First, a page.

New Country Music Lyrics

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Finding lyrics to country music is a popular search item for country fans. Many people are looking for the lyrics of their favorite new country songs. You can also create your own lyrics. Creating new country music song lyrics are definately within your reach by following some simple steps. Here are some tips to create your next country hit. Also
included is ‘The Components of a Song’ which can be used as a quick reference guide.

Ideas on Creating New Country Song Lyrics

  1. Write about your own life.
  2. Write about your family.
  3. Write about someone else you know or people on the street.
  4. Write about everyday experiences. Lyrics that are most popular are about situations in everyday lives.
  5. Create a fictional story song.
  6. Write about the emotions that everyone feels. Falling in love, breaking up, being betrayed, suffering a loss, being depressed, etc.
  7. Listen to country music radio and music CDs. By listening to new country music artists, you will get ideas on what the successful artists are creating.
  8. Focus on writing upbeat country songs since the popularity of upbeat songs is higher than ‘slow songs’ in the industry.
  9. During daily conversations, you may find that something that was said will give you an idea.
  10. During your daily routine something may happen that will give you an idea – while taking a walk, going to the store, etc.
  11. Reading newspapers, magazines, articles and books may spring up an idea.
  12. Watching television and searching the internet may give you ideas.
  13. Keep a notebook, and write down ideas as they come to you.
  14. Keep an audio recorder nearby and record ideas as they come to you.
  15. Use rhyming dictionaries. They are available in print and for computers.

Song Title Ideas

  1. Names – Examples: Maybellene, Dawn
  2. Locations – Examples: California Dreaming, Oklahoma, On Broadway
  3. Colors – Examples: Blues Suede Shoes, A Whiter Shade Of Pale, Yellow Submarine
  4. Animals – Examples: Hound Dog, How Much is that Doggie in the Window, What’s New Pussy Cat
  5. Days of the Week – Examples: Tuesday Afternoon
  6. Opposites – Examples: One Step Forward and Two Steps Back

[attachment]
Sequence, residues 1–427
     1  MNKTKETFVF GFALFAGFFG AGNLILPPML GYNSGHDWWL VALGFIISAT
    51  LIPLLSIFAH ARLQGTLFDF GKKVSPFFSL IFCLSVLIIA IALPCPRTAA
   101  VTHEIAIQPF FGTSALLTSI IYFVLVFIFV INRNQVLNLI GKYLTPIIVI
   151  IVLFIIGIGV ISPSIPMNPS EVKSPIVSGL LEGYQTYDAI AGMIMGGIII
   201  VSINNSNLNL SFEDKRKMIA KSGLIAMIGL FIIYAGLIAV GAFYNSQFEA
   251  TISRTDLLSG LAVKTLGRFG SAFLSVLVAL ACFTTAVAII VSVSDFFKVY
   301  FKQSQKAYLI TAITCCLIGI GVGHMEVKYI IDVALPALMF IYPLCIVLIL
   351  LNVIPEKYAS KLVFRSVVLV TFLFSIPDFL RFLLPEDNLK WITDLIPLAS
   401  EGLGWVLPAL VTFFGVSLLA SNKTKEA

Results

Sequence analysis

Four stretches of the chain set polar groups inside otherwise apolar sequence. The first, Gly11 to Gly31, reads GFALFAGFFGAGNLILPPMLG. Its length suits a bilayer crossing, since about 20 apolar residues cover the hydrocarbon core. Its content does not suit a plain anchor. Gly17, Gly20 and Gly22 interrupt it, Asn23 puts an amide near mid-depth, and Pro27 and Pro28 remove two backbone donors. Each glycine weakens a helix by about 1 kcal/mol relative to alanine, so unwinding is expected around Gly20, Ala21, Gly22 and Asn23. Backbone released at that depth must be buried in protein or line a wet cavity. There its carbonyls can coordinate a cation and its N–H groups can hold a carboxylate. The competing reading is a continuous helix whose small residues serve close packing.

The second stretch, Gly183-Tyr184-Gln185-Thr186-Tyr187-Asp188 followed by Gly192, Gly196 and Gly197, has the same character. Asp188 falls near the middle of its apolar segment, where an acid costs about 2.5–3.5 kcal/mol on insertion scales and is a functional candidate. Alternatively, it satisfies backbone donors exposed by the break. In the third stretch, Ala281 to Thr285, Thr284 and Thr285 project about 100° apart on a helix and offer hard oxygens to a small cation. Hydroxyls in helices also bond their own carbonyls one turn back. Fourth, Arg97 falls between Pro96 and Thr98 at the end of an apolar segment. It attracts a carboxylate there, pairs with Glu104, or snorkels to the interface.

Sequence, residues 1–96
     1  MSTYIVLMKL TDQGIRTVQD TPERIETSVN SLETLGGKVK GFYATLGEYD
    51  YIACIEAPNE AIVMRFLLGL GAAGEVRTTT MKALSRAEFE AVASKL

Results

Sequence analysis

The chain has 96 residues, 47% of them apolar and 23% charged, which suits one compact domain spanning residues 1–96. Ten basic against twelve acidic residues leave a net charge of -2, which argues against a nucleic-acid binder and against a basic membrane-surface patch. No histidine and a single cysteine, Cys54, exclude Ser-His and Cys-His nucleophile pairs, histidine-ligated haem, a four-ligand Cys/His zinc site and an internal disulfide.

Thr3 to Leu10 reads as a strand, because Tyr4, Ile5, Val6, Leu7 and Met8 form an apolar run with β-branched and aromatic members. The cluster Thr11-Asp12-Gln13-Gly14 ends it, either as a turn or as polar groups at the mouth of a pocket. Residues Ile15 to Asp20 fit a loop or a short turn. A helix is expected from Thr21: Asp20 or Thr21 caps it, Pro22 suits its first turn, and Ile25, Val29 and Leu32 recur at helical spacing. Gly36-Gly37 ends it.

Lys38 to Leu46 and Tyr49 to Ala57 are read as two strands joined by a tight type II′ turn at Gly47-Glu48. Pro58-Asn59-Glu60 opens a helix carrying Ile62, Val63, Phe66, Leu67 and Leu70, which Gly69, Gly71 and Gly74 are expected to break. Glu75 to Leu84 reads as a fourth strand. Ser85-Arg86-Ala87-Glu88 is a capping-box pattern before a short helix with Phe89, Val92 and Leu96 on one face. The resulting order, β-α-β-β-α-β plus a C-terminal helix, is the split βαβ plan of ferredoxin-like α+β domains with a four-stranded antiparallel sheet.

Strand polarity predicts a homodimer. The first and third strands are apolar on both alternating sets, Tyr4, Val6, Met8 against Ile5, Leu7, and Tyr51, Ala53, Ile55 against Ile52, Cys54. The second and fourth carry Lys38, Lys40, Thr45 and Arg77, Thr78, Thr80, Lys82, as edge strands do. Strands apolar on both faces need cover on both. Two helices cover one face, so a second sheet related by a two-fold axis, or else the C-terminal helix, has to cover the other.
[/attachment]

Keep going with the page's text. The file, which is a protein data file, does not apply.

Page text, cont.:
7. Questions – Example: Why Do Fools Fall In Love?
  8. Clever, Catchy or Play on Word Phrases – Example: You’re the Hangnail of my Life, Can’t Clip You Off

Opening Line Techniques

  1. Open with a timeframe
  2. Open with a place
  3. Open with a question
  4. Have a strong opening

The Components of a Song


  • The function of the verse is to provide information that will lead to the song’s hook or title.
  • Each verse of a song has the same melody and new lyrics.
  • The first line of the verse should have the same number of syllables as the first line of the second, and successive verses.
  • Each verse is usually eight lines long, in either eight or sixteen musical bars. In songs that also have choruses, the song title usually does not appear in any of the verses.


  • Within a verse there can also be a ‘pre-chorus’. This is a two or four line section preceding the chorus.
  • It is used to move the listener into the chorus.
  • The pre-chorus is optional.
  • If the first verse includes a pre-chorus, all subsequent verses should also have a pre-chorus section.


  • The chorus is the catchy, repetitious part of a song.
  • It is used to summarize the idea of the song in a general way and to emphasize the title.
  • The chorus is usually four or eight lines long, which is about eight musical bars.
  • The chorus has the same melody and usually the same lyrics each time it is repeated.
  • The title always appears at least once in the chorus.


  • A refrain is repeated at the end of every verse.
  • The refrain and chorus both have lines that are repeated, but the refrain and chorus vary in length.
  • The refrain is shorter than the chorus and usually consists of 2 lines.


  • The bridge is used as a departure from the rest of the song.
  • It usually consists of two or four lines of lyric, and four or eight musical bars.


The hook is the catchy part of the song. It is the melodic, repetitious
part of the song that gets implanted in your mind after hearing the song.
It is the words or part of the song that everyone remembers.


The following are some common song structures

  • A (Verse) B (Chorus) A (Verse) B Chorus – ABAB
  • A (Verse) B (Chorus) A (Verse) B (Chorus) C (Bridge) B (Chorus) – most common – ABABCB
  • A (Verse) B (Chorus) A (Verse) B (Chorus) A (Verse) B (Chorus) – ABABAB
  • A (Verse) A (Verse) B (Bridge) A (Verse) – most accessible and familiar – AABA
  • A (Verse) A (Verse) A (Verse) – AAA
  • A (Chorus) B (Verse) A (Chorus) B (Verse) A (Chorus) – ABABA

Musical Introductions and Instrumental Solos

Musical introductions should be four or eight bars long, with eight being the maximum.

Instrumental Solos Options

  • In a (Verse Chorus Verse Chorus – ABAB) structure, the instrumental solo is typically after the second chorus, and is followed by an additional chorus.
  • In a (Verse Chorus Verse Chorus Bridge Chorus – ABABCB) structure, the instrumental solo can go either after the second chorus, or after the bridge.
  • In a (Verse Verse Bridge Verse – AABA) structure, the instrumental solo generally follows the third verse and is then followed by an additional bridge and a fourth verse.
  • The instrumental solo (if applicable) is no more than eight bars long.